Use C++11 Inheritance Control Keywords to Prevent Inconsistencies in Class Hierarchies

C  11 finger paint

For more than 30 years, C++ got along without inheritance control keywords. It wasn’t easy, to say the least. Disabling further derivation of a class was possible but tricky. To prevent users from overriding a virtual function in a derived class you had to lean over backwards. But not any more: Two new context-sensitive keywords make your job a lot easier. Here’s how they work.

C++11 adds two inheritance control keywords: override and final. override ensures that an overriding virtual function declared in a derived class has the same signature as that of the base class. final blocks further derivation of a class and further overriding of a virtual function. Let’s see how these watchdogs can eliminate design and implementation bugs in your class hierarchies.

Virtual Functions and override

A derived class can override a member function that was declared virtual in a base class. This is a fundamental aspect of object-oriented design. However, things can go wrong even with such a trivial operation as overriding a function. Two common bugs related to overriding virtual functions are:

  • Inadvertent overriding.
  • Signature mismatch.

First, let’s analyze the inadvertent overriding syndrome. You might inadvertently override a virtual function simply by declaring a member function that accidentally has the same name and signature as a base class’s virtual member function. Compilers and human readers rarely detect this bug because they usually assume that the new function is meant to override the base class’s function:

struct A
virtual void func();
};             
struct B: A{};
struct F{};
struct D: A, F
{
  void func();//meant to declare a new function but 
 //accidentally overrides A::func};

Reading the code listing above, you can’t tell for sure whether the member function D::func() overrides A::func() deliberately. It could be an accidental overriding that occurred because the parameter lists and the names of both functions are identical by chance.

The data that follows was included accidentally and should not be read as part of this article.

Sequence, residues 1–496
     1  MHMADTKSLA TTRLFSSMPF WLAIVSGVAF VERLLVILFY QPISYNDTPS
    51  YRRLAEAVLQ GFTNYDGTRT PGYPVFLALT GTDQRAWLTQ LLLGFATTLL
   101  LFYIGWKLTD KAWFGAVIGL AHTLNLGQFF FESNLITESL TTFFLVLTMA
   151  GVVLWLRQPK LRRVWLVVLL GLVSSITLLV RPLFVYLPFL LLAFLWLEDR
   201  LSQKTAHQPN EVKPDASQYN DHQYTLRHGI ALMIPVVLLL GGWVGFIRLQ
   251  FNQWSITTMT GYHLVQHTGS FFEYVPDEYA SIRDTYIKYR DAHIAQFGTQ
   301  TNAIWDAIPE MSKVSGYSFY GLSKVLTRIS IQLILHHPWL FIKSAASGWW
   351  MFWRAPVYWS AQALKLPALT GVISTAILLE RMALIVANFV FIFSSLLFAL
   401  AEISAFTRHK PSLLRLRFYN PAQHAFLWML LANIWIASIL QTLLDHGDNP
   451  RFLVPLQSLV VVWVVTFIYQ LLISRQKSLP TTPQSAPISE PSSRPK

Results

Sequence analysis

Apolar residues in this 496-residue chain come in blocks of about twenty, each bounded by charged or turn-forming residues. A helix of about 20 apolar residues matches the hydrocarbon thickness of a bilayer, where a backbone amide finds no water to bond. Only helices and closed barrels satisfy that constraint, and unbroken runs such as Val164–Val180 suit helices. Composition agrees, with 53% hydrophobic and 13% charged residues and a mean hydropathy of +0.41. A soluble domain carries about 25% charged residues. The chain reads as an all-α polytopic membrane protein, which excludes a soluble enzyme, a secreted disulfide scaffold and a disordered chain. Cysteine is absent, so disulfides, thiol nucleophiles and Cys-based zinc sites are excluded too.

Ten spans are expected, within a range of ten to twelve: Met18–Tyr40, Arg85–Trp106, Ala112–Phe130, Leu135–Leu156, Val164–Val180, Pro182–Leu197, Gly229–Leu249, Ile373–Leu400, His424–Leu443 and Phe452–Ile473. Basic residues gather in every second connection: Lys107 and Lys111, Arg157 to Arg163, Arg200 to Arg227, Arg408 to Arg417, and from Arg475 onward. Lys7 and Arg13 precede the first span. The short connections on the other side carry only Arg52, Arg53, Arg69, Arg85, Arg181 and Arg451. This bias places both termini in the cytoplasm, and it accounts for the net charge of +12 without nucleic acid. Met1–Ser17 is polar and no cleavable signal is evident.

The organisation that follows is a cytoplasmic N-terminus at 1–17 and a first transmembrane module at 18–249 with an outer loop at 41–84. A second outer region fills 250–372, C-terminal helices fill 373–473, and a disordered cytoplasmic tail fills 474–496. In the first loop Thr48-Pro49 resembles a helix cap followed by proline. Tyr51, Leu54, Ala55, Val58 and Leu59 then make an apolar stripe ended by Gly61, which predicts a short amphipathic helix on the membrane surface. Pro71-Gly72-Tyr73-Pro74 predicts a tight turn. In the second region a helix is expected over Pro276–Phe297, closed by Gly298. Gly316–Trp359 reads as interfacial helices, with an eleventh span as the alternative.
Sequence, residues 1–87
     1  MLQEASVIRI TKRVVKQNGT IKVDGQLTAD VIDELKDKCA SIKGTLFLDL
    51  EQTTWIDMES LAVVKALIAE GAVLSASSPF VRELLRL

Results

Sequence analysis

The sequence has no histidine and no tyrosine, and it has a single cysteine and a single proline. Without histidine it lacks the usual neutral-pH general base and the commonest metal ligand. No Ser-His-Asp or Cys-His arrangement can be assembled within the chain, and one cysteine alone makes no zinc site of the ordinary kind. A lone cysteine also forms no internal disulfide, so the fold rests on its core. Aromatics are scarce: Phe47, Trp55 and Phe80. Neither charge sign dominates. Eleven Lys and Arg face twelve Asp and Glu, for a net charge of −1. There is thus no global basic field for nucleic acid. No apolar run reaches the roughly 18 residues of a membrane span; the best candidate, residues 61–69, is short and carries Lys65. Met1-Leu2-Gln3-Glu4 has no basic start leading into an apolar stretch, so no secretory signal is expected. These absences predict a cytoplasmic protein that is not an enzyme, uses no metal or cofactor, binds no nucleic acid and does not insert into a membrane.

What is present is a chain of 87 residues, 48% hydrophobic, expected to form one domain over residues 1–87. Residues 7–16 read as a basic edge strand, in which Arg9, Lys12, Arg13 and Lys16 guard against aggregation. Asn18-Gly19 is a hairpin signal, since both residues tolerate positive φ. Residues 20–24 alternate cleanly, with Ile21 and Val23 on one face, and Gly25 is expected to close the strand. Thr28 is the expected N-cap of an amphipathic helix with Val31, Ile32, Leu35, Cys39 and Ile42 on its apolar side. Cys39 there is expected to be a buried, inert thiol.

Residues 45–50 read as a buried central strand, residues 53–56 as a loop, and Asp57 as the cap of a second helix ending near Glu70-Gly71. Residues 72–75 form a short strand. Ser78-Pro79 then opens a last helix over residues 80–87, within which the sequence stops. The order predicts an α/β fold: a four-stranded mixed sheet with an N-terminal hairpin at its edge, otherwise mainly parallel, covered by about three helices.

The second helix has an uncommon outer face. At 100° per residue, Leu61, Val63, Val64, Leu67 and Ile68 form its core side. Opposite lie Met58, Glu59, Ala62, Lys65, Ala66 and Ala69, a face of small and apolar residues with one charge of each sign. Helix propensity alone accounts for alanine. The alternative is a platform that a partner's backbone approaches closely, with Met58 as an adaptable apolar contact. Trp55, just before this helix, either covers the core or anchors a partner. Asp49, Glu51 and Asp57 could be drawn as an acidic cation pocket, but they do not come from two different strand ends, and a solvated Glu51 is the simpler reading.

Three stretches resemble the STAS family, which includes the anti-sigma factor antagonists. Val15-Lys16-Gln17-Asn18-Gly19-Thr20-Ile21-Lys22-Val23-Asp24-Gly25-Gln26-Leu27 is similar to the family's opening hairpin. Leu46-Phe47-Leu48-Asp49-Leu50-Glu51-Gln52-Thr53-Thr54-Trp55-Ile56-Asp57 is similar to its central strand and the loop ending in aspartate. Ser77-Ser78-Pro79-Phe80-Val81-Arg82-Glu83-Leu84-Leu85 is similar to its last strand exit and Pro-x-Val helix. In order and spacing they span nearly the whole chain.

A signature mismatch is a more commonplace scenario. It leads to the accidental creation of a new virtual function (instead of overriding an existing virtual function), as demonstrated in the following example:

struct G
{
 virtual void func(int);
};
struct H: G
{
 virtual void func(double); //accidentally creates a new virtual function
};

In this case, the programmer intended to override G::func() in class H. However, because H::func() has a different signature, the result is a new virtual function, not an override of a base class function. Not all compilers issue a warning in such cases, and those that do are sometimes configured to suppress this warning.

In C++11, you can eliminate these two bugs by using the new keyword override. override explicitly states that a function is meant to override a base class’s virtual function. More importantly, it checks for signature mismatches between the base class virtual function and the overriding function in the derived classes. If the signatures don’t match, the compiler issues an error message.

Let’s see how override can eliminate the signature mismatch bug:

struct G
{
 virtual void func(int);
};
struct H: G
{
 virtual void func(double) override; //compilation error
};

When the compiler processes the declaration of H::func() it looks for a matching virtual function in a base class. Recall that “matching” in this context means:

  • Identical function names.